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Concept Image Gallery

Available as Prints and Gift Items

Choose from 15 pictures in our Concept Image collection for your Wall Art or Photo Gift. All professionally made for Quick Shipping.


Italian cypress, Cupressus sempervirens, female cones on branch. Rhodes
Italian cypress, Cupressus sempervirens, female cones on branch. Rhodes
Full Range of Prints and Gifts in Stock
Rhodian Dutchman's pipe, Aristolochia guichardii, in flower in quantity in old vineyard, Rhodes, G
Rhodian Dutchman's pipe, Aristolochia guichardii, in flower in quantity in old vineyard, Rhodes, G
Full Range of Prints and Gifts in Stock
A spider orchid, Ophrys saliarisii, in Rhodes
A spider orchid, Ophrys saliarisii, in Rhodes
Full Range of Prints and Gifts in Stock
Hooded Crow, Corvus cornix, in flight
Hooded Crow, Corvus cornix, in flight
Full Range of Prints and Gifts in Stock
Myrtle-leaf milkwort, Polygala myrtifolia, in flower. Introduced from South Africa
Myrtle-leaf milkwort, Polygala myrtifolia, in flower. Introduced from South Africa
Full Range of Prints and Gifts in Stock
Turkish Pine or Calabrian Pine, Pinus brutia; female cones on branch. Rhodes
Turkish Pine or Calabrian Pine, Pinus brutia; female cones on branch. Rhodes
Full Range of Prints and Gifts in Stock
Jackass Penguins, on iceberg, holding hands and red heart shaped helium balloon
Jackass Penguins, on iceberg, holding hands and red heart shaped helium balloon
Full Range of Prints and Gifts in Stock
Blackfin icefish, Chaenocephalus aceratus, swimming under ice. Unlike other vertebrates, fish of the Date: 14-Nov-19
Blackfin icefish, Chaenocephalus aceratus, swimming under ice. Unlike other vertebrates, fish of the Date: 14-Nov-19
Full Range of Prints and Gifts in Stock
Ocellated icefish, Chionodraco rastrospinosus, resting on seabed under ice. Unlike other vertebrates Date: 14-Nov-19
Ocellated icefish, Chionodraco rastrospinosus, resting on seabed under ice. Unlike other vertebrates Date: 14-Nov-19
Full Range of Prints and Gifts in Stock
Plastic fish food. Concept image of a fish cut
Plastic fish food. Concept image of a fish cut
Full Range of Prints and Gifts in Stock
Plastic bag and a Mauve Stinger, Pelagia noctiluca
Plastic bag and a Mauve Stinger, Pelagia noctiluca
Full Range of Prints and Gifts in Stock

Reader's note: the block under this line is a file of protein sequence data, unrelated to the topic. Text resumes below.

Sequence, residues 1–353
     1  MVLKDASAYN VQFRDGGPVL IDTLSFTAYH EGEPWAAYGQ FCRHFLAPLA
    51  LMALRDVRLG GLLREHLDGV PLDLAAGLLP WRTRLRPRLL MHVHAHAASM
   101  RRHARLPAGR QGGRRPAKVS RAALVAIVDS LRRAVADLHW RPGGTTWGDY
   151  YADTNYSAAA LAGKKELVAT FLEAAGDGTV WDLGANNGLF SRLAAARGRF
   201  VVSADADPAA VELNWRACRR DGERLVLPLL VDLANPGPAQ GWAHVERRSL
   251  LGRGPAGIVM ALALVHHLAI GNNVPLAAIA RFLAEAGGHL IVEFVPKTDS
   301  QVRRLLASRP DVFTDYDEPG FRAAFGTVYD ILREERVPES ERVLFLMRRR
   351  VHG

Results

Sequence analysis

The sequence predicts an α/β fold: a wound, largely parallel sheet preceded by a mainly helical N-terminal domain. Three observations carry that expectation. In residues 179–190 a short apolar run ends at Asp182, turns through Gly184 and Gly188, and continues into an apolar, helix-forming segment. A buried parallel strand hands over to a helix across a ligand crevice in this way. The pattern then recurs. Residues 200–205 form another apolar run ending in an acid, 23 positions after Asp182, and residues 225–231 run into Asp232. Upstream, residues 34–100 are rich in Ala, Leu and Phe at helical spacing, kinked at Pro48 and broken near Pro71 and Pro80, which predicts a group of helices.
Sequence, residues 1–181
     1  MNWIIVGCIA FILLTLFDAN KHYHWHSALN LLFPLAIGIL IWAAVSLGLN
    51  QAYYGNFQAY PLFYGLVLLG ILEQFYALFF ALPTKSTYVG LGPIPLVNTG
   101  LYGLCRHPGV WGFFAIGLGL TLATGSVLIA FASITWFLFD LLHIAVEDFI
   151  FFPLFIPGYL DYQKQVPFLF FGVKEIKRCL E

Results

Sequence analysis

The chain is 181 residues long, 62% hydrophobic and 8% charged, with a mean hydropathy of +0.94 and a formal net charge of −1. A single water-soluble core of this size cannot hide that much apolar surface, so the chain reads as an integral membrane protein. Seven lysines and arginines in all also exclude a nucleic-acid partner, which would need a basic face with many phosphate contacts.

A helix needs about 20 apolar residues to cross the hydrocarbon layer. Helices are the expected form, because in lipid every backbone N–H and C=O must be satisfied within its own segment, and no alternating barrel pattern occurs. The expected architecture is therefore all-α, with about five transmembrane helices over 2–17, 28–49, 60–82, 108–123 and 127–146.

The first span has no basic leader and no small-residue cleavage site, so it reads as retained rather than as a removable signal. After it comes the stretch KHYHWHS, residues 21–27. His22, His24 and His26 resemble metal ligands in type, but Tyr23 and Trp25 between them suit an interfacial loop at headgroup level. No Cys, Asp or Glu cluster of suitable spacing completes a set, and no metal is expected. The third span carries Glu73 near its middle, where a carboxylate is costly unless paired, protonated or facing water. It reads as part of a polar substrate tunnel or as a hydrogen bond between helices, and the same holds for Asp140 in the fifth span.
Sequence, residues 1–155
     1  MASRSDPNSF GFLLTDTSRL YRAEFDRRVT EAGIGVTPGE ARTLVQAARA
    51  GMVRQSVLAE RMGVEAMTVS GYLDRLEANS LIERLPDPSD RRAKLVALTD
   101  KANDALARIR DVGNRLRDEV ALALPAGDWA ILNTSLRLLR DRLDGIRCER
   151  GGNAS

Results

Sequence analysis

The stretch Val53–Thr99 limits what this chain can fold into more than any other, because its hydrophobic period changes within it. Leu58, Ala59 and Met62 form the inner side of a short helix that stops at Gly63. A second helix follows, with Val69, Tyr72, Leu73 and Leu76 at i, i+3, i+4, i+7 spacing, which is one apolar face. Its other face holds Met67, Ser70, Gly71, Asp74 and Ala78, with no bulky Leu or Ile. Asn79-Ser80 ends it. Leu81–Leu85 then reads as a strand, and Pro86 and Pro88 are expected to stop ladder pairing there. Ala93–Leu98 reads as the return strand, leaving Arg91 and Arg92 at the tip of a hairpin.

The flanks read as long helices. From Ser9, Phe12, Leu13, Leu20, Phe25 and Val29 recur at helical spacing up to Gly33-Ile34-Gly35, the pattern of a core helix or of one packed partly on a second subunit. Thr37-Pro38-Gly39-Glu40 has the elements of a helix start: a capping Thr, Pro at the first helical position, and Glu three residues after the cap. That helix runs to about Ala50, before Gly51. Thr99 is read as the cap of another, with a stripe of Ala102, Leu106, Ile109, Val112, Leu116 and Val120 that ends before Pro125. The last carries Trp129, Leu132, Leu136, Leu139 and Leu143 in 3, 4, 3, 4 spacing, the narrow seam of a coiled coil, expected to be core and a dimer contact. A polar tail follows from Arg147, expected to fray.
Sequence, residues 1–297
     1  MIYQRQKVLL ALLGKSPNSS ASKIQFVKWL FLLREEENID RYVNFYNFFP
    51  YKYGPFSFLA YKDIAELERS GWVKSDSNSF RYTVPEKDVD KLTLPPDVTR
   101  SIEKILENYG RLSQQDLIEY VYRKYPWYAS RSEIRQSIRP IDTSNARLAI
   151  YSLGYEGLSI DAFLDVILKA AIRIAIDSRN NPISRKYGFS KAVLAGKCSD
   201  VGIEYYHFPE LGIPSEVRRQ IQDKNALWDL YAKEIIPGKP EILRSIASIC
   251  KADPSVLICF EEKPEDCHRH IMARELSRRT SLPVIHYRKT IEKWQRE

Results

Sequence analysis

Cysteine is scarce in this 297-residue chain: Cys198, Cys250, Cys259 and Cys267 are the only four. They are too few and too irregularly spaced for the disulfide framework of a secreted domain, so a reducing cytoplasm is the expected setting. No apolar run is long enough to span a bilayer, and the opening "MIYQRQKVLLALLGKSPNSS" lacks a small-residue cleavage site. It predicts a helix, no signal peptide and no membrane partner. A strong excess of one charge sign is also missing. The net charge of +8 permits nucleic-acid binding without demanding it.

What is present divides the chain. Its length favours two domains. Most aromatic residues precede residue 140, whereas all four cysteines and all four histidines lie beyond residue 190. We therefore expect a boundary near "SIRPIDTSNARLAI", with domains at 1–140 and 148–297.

Concept image to illustrate marine micoplastic
Concept image to illustrate marine micoplastic
Full Range of Prints and Gifts in Stock
Hooded Crow, Corvus cornix, in flight Featured Image

Hooded Crow, Corvus cornix, in flight

Lemon shark watching surfer at surface. It seems possible that the image of a surfer on the surface lying on the surfboard could be mistaken for a sea lion or seal by sharks that feed on these marine mammals. All the more so since attacks usually come down to just one bite and then let go; as if they realized the mistake.
Increasingly, people and sharks come into contact as humans spend their leisure time in the seas and oceans. Many people fear sharks and particularly being attacked/bitten by one, but it is important to remember that these incidents are rare. Indeed, in 2017, the International Shark Attack File (ISAF), housed at the University of Florida, received reports of 88 confirmed unprovoked attacks worldwide, five of which (~6%) were tragically fatal; but this must be viewed in the light of the billions of people entering the water every year. Overall, surfers and swimmers account for about 80% of shark attack victims and, while the number of attacks has increased (possibly a reflection of an increasing human population), for the past few decades, the fatality rate has been falling through a combination of better education and advances in medical care. Mistaken identity is frequently cited by the media to explain shark attacks on humans. It is now considered far more probable, however, that such human-shark interactions are the result of a shark's curiosity. Sharks are intelligent, socially complex animals. They're not the ruthless killing machines frequently portrayed in the media. Globally we know of nearly 500 different species of sharks, at least two-thirds of which grow to less than 2m (6ft) in length and aren't considered a threat to humans. There's no getting away from the fact that some shark species (like many animals) do sometimes bite, even kill, humans. If sharks were truly interested in eating humans, though, they could have a veritable smorgasbord every weekend along beaches in almost every country. Shark attacks remain rare, however, even in areas where the large shark species are afforded legal protection and particularly relative to the increasing number of people using coastal waters. Unfortunately for humans, a curious shark can be a deadly shark - blood vessels close to the skin and a fragile frame make us very prone to damage if a shark investigates us with its mouth. Concept image illustrating most usual shark attack situations

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Concept image allusive to a blue planet invaded
Concept image allusive to a blue planet invaded
Full Range of Prints and Gifts in Stock
Concept image alluding to death caused by plastic
Concept image alluding to death caused by plastic
Full Range of Prints and Gifts in Stock
Plastic turtle thrown by the sea in a beach. Concept
Plastic turtle thrown by the sea in a beach. Concept
Full Range of Prints and Gifts in Stock